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Upstate Medical College of Nursing to use $1.8M grant for mental health nurse practitioners in rural areas

By Eric Reinhardt


Bambi Carkey (left), assistant professor in Upstate Medical’s College of Nursing, reviews paperwork from the Health Resources and Services Administration (HRSA) of the U.S. Department of Health and Human Services. Joining Carkey in the review are (from left to right) Alice Boyce, data manager; Joyce Scarpinato, who serves as assistant dean for graduate programs as well as director of the doctor of nursing practice program.; and Karen Klingman, grant director. (Photo provided by Upstate Medical University)

SYRACUSE, N.Y. — The Upstate Medical University College of Nursing will use a federal grant to increase the number of family psychiatric mental health nurse practitioners (FPMHNP) in rural communities and in “medically underserved” communities, “such as Syracuse.”

The Health Resources and Services Administration (HRSA) of the U.S. Department of Health and Human Services awarded the four-year grant worth more than $1.8 million, Upstate Medical said in a news release.

The grant is part of the HRSA’s behavioral-health workforce education training program (BHWET), designed to develop a “culturally competent and diverse” workforce.

Upstate’s College of Nursing will use the grant primarily to expand the school’s recruitment efforts to attract nurses from the targeted communities to its master’s and doctorate degree programs that specialize in family psychiatric mental health.

The nurse-practitioner students will focus on the management of patients with psychiatric disorders and comorbidities, such as substance abuse, and the integration of behavioral health into primary care.

Upon graduation, the expectation is that these FPMHNPs will practice in “medically underserved” and/or rural areas.

Providing stipends

The grant’s first year will provide up to 20 stipends to nurses enrolled in the college’s FPMHNP master’s degree program, Bambi Carkey, assistant professor in the College of Nursing, said in the release.

Up to three stipends will be provided to FPMHNPs enrolled in the college’s doctor of nursing practice (DNP) degree program. The number of stipends will increase in each of the remaining three years.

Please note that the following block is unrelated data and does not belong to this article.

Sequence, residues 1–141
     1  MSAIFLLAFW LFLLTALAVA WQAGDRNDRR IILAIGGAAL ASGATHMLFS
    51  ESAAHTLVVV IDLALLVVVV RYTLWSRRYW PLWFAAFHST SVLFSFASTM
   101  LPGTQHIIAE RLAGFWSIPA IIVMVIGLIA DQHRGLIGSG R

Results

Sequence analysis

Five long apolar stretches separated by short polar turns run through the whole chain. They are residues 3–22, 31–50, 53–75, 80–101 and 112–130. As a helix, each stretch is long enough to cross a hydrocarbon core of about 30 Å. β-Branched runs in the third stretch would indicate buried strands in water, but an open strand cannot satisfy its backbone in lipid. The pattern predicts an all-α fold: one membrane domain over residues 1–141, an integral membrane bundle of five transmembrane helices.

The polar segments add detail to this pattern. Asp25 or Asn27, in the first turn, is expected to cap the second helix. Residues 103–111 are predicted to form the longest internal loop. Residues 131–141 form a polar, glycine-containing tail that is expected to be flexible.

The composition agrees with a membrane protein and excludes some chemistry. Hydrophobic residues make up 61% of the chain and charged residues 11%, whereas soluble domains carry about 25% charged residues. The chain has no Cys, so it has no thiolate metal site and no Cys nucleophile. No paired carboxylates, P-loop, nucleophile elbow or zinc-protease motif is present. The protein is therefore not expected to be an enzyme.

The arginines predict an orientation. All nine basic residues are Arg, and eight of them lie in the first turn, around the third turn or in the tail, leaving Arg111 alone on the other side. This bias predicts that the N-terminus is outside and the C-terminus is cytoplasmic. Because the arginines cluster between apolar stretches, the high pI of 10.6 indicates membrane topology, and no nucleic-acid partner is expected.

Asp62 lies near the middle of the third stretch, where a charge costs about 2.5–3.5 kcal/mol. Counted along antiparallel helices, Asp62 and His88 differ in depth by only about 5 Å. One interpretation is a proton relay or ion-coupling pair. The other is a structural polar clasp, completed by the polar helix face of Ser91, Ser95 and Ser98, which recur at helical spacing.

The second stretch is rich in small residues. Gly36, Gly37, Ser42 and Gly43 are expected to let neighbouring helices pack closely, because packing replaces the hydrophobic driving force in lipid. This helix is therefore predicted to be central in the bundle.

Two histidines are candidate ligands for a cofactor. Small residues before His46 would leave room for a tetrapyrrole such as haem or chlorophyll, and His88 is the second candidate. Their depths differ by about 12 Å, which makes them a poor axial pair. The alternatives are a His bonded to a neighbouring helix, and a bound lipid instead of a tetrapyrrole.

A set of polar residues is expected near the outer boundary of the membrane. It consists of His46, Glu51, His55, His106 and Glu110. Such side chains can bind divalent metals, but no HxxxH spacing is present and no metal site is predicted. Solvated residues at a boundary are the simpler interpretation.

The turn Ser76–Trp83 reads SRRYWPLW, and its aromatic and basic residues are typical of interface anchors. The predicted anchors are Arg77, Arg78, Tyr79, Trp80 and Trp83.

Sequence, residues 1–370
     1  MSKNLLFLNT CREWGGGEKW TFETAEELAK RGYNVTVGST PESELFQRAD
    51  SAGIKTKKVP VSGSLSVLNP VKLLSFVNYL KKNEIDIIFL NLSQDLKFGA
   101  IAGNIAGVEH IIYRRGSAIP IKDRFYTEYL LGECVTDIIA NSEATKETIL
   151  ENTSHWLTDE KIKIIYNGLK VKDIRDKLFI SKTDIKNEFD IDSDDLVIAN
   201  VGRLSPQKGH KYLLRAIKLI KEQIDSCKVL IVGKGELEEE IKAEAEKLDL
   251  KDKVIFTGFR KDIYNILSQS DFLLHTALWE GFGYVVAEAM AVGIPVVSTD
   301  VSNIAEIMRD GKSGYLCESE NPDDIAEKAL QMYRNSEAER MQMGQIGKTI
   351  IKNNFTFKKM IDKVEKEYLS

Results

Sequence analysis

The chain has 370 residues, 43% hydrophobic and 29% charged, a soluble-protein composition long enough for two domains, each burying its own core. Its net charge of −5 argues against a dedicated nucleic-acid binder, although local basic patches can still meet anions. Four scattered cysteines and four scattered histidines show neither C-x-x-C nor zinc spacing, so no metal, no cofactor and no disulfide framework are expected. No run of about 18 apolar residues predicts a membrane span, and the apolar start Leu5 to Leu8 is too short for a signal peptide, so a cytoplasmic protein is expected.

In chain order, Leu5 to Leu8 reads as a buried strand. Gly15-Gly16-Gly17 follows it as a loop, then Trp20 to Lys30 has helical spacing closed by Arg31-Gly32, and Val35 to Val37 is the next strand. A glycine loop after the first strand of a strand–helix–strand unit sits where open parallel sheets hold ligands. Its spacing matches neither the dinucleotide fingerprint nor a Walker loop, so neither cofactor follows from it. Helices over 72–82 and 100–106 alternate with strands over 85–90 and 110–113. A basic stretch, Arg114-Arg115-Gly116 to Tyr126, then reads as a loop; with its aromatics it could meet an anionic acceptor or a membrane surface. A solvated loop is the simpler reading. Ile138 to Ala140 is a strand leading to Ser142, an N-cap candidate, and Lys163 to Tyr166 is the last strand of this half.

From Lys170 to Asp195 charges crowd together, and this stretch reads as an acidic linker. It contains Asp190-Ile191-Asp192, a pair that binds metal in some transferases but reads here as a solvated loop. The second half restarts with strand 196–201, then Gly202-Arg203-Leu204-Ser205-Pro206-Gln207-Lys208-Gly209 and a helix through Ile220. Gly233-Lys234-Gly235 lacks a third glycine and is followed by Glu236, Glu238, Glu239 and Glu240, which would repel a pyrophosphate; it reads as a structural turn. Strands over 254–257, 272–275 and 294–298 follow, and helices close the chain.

“We are very excited about this HRSA award,” said Carkey. She serves as director of the FPMHNP program and principal investigator on the grant.

In addition, the HRSA-BHWET team also includes Karen Klingman, grant director; Alice Boyce, data manager; and Joyce Scarpinato, who serves as assistant dean for graduate programs, as well as director of the DNP program, and chief nursing administrator for the College of Nursing.

Other grant benefits

In addition to providing stipends, the grant will also increase the college’s capacity to provide clinical experiences in behavioral health care for rural communities and those which are “medically underserved.”

The college is currently partnering with community based behavioral agencies throughout the region. In addition, the grant will be used toward increasing the number of preceptors in each partnering agency and providing preceptors faculty development sessions.

The award will also “enhance” the education of FPMHNP students, clinical preceptors, and faculty through the “dynamics” of working on “interprofessional teams that focus on the social determinants of health, common comorbid medical/psychiatric problems, and the opioid epidemic,” Upstate Medical said.

The grant will also add a student-success specialist who will support stipend recipients, and additional FPMHNP faculty will be jointly appointed to the College of Nursing and the department of psychiatry through the grant.

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